The toy-like drones destroyed during an Army field exercise at Fort Sill, Okla., last month weren't anything special; however, the way they were brought down -- zapped out of the sky by lasers mounted on a Stryker armored vehicle -- might grab people's attention.
The first soldier to try out the lasers was Spc. Brandon Sallaway, a forward observer with the 4th Infantry Division. He used a Mobile Expeditionary High Energy Laser to shoot down an 18-by-10-inch drone at 650 yards, an Army statement said.
"It's nothing too complicated but you have to learn how to operate each system and get used to the controls which is exactly like a video game controller," said Sallaway, who hadn't fired a laser before the exercise.
The drone-killing laser was relatively low energy -- only 5 kilowatts -- but the Army has tested much more powerful weapons. A 30-kilowatt truck-mounted High Energy Laser Mobile Demonstrator shot down dozens of mortar rounds and several drones in November 2013 at White Sands Missile Range, N.M.
Since then, researchers have made rapid advances in laser weapons, said Bob Ruszkowski, who works on air dominance projects and unmanned systems in Lockheed's secretive Skunk Works facility.
"We're really on the cusp of seeing the introduction of lasers in future systems," he said.
The weapon tested at White Sands is about to double in power with a 60-kilowatt laser the Army plans to test in the next 18 months, he said in a phone interview May 12.
The laser generates its beam through fiber optic cables like those used by telecom companies, said Robert Afzal, a senior fellow for laser and sensor systems at Lockheed.
"We demonstrated that we could combine large number of these fiber lasers and link them to a weapons system," he said.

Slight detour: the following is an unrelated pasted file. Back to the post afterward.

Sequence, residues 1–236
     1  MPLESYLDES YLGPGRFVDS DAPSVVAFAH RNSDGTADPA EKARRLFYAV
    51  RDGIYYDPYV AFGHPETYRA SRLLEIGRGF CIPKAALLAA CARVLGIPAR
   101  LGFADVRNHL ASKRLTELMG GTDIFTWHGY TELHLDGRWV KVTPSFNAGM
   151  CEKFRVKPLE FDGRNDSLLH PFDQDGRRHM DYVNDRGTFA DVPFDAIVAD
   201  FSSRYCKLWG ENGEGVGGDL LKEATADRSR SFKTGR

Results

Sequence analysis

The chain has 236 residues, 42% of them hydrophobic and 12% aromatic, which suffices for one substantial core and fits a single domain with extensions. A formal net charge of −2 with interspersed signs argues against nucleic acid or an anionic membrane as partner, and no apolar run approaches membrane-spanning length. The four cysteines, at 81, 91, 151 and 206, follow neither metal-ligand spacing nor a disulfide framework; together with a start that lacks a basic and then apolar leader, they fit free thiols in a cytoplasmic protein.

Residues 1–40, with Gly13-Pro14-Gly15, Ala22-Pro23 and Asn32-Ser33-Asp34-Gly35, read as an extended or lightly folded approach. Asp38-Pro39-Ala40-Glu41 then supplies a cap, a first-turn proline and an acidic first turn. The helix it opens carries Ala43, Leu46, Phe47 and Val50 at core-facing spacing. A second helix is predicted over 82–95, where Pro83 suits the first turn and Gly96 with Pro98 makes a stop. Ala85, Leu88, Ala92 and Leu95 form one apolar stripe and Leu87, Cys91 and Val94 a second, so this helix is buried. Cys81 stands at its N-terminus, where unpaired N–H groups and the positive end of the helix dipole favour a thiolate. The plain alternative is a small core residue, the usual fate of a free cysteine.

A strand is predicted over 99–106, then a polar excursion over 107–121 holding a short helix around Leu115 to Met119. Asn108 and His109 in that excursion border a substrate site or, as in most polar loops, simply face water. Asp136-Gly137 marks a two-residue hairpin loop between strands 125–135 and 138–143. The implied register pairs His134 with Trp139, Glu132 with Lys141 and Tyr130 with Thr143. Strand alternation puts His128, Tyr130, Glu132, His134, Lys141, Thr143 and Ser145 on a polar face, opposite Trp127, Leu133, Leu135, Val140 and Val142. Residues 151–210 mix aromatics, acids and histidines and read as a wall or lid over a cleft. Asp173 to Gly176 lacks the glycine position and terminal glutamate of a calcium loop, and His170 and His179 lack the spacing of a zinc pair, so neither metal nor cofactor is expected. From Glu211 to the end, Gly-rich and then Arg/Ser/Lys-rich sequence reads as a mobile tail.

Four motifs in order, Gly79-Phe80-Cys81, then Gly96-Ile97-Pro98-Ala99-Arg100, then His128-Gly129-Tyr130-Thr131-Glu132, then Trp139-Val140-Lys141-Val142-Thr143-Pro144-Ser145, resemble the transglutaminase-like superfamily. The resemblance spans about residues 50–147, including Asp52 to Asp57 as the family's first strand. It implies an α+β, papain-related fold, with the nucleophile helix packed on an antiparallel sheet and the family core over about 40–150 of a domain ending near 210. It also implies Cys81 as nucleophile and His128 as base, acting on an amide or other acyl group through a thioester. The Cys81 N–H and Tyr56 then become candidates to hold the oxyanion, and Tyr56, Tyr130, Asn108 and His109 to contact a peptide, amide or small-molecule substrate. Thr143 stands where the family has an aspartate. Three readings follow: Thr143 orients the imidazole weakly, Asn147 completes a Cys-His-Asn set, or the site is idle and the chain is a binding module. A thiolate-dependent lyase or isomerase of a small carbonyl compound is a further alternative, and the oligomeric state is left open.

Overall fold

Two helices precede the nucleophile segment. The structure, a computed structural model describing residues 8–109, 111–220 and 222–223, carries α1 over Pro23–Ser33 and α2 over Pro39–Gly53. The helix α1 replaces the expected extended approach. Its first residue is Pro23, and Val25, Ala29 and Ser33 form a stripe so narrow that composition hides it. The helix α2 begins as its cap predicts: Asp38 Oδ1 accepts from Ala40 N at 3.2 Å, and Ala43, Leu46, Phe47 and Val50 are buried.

Lasers are very efficient at converting electrical power to a laser beam, Afzal said.
That's important for the platforms that carry them, he said. It means they don't need a large generator or cooling system and that high-powered lasers can be easily transported.
"This was the key puzzle piece that needed to be solved before we could begin to deploy these laser weapons," Afzal said. "The technology is getting real. It's the dawn of a new era where the tech can be made smaller and powerful enough to be put on vehicles, ships and aircraft."
Scientists showed the potential of more powerful laser weapons in 2015 by burning a hole through a truck's hood at a range of one mile.
"It was the most efficient high-powered laser ever demonstrated," Afazal said of the test, which mimicked what might happen if a laser was fired at a vehicle from an aircraft.
During an operation, a laser might be used to disable a vehicle where the goal was to capture rather than kill an individual, Ruszkowski said.
"The laser is a surgical weapon and it's something customers are interested in," Afazal said. "Something like that can be easily integrated into an AC-130 gunship. That is something the Air Force is planning on demonstrating in the next two to three years."
Researchers believe they have the key ingredients to make such a system work, Ruszkowski said.
"When we realized that laser technology was maturing enough that we could be close to having something we could integrate on an aircraft we started looking at other difficulties that might arise," he said.
Airflow around a plane can destabilize lasers, so engineers developed a way to minimize turbulence, said Ruszkowski, who added that the Navy has deployed a laser weapon on board the USS Ponce in the Persian Gulf.
Laser weapons could be arriving just in time to defeat a growing menagerie of cheap-to-make drones and missiles in the hands of terrorists and rogue states, which could threaten expensive American military hardware.
"The threats are proliferating and changing," but laser weapons could counter some of them, Afazal said.
An advantage of laser weapons is that they don't need ammunition, he said. For example, a forward-operating base could protect itself from airborne threats with a laser as long as there was enough fuel to power a generator and recharge its batteries.
Use of such weapons on enemy troops is a gray area that, for now, the U.S. military is steering clear of since international agreements ban the use of weapons intended to blind, Afazal said.
"Before lasers have been deployed and we understand how they work, the policy is conservative," he said.